Scientific NameNotemigonus crysoleucas
IdentificationGolden shiner, caught in Iron Gate Reservoir, California on 12 May 2009 by Teejay O'Rear. Photo by Amber Manfree.Golden shiner. Caught and released in the South Fork Mokelumne River, San Joaquin County, 25 Oct 2013. Photo by Gary Riddle.
- Deeply compressed body with a small head, pointed snout, and upward pointing mouth
- Deciduous scales but scaleless on the keel between pelvic fins and anus
- Usually golden in sheen but many also have a silvery color, especially smaller fish
- Fins are colorless except for breeding males which have a red-orange tinge on the pelvic and anal fins
- 11-14 anal, 9 pelvic, 15 pectoral, and 7-9 dorsal fin rays
- Dorsal fin starts behind the pelvic fins
- Lateral line with 44-54 scales curves downward from the head
Golden Shiners are commonly found around aquatic vegetation in warm, shallow ponds and lakes and are especially common in low elevation reservoirs and sloughs. They can survive in temperatures up to 36°C and in water with dissolved oxygen levels less than 1 mg/L. Occasionally they find habitat in cold water lakes but only if there is a warm breeding area nearby. Golden Shiners are visual predators powered by a streamlined body and maneuverable fins. They use this agility to seek out and attack their prey both in midwater and at the surface. They are adapted to both picking off large zooplankton individually and filter feeding for smaller zooplankton species. While this allows for a fair amount of variety in food choices, Daphnia and small flying insects plucked from the surface make up the bulk of an individual’s diet. Larger Golden Shiners may also eat small fish, mollusks, and aquatic insect larvae. If food is scarce, Golden Shiners have also been found to eat algae. Given their visual hunting style Golden Shiners are generally active during the day except in areas of high predation risk where they will school together in pelagic and littoral areas during daylight hours and only forage when it is too dark for their predators to hunt.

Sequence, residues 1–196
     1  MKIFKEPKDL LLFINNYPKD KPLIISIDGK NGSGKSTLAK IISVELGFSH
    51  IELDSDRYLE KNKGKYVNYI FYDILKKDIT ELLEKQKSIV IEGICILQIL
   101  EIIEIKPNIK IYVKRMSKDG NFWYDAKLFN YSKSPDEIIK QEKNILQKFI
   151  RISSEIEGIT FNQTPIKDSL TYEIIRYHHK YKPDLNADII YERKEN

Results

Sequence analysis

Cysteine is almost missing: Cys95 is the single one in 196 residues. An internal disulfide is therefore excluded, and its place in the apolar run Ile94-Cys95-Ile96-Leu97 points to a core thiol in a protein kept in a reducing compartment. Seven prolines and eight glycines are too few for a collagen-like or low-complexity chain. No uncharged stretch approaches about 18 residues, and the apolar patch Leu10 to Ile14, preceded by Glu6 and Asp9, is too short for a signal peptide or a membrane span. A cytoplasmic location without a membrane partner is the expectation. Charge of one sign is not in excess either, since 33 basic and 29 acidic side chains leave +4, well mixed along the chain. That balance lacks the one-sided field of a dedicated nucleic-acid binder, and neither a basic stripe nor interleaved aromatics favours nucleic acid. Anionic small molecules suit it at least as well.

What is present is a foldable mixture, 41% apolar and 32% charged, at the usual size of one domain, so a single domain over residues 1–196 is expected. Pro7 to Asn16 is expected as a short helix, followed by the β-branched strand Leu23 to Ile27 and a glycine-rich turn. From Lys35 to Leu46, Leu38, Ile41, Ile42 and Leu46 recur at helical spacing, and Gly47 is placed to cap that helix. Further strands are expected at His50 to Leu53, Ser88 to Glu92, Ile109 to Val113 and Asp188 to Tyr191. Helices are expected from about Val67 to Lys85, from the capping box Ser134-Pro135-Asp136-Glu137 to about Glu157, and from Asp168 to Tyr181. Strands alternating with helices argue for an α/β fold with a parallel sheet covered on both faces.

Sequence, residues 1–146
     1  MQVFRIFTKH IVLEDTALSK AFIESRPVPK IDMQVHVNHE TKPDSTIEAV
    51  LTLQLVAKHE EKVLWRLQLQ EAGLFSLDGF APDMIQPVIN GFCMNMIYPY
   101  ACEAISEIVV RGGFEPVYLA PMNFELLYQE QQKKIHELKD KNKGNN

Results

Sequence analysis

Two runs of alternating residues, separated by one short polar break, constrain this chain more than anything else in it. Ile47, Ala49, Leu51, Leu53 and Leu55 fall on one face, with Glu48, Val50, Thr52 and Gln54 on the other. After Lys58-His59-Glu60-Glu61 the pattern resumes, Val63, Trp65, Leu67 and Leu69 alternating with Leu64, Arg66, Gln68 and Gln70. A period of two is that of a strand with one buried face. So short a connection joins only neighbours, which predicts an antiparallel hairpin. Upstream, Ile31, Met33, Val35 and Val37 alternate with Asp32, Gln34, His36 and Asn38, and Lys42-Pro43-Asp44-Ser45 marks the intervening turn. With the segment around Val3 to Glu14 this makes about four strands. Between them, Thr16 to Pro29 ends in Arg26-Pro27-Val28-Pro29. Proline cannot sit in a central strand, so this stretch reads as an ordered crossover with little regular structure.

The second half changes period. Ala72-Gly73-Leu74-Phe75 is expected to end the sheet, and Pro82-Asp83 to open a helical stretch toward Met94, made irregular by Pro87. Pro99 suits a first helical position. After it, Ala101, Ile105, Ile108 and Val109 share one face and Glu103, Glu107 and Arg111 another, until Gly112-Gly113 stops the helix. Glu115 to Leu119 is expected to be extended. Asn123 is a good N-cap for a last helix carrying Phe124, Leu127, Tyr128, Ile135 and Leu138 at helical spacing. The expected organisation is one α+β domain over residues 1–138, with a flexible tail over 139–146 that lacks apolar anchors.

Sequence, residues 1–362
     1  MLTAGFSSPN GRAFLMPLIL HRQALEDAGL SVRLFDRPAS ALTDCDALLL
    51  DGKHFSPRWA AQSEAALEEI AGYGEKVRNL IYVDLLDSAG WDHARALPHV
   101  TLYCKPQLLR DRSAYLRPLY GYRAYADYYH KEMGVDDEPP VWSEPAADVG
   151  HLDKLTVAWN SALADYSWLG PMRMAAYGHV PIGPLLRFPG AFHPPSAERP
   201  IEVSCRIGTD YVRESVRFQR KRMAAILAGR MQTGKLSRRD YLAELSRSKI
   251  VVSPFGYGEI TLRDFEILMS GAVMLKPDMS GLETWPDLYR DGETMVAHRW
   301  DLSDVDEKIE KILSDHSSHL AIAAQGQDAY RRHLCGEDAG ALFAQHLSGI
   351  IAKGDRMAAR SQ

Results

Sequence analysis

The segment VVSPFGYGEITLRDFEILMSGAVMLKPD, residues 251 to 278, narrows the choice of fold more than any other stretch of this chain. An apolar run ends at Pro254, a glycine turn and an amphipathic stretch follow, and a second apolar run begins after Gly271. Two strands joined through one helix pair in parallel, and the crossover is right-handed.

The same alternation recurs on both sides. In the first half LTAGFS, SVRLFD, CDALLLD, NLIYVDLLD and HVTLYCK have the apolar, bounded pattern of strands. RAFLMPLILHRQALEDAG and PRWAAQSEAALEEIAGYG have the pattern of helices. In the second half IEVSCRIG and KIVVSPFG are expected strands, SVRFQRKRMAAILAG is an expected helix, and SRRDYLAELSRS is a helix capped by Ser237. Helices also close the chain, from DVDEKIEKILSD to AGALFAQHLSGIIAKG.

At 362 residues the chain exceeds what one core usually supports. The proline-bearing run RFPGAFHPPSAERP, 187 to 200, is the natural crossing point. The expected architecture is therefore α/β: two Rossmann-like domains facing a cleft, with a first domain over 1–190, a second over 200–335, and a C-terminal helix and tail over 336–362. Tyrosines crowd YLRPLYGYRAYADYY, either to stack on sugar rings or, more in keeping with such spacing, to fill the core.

Spawning occurs between March and September when water temperatures reach 20°C. Mating takes place in early morning shoals as females swim over submerged debris to deposit between 2,700-4,700 sticky eggs per season. Males follow behind in the school waiting to fertilize the eggs as soon as the female drops them. Occasionally the nests of largemouth bass are used as an egg drop point and it is believed that these larvae are protected by the bass resulting in a higher chance of survival. Regardless of nest site, the young will hatch 4-5 days later in temperatures between 24°C and 27°C. This new generation will school together in large numbers around aquatic vegetation near shore. Here they will begin eating small rotifers and epiphytic algae but soon shift to a more crustacean-based diet. In a year they will have grown to between 36 mm and 46 mm in length if the water is cold, but they can reach 76 mm in warmer waters. By their second year Golden Shiners can grow to lengths of 140 mm but at this point their growth rate declines dramatically. The oldest and largest individuals recorded were 9 years old and 260 mm respectively.
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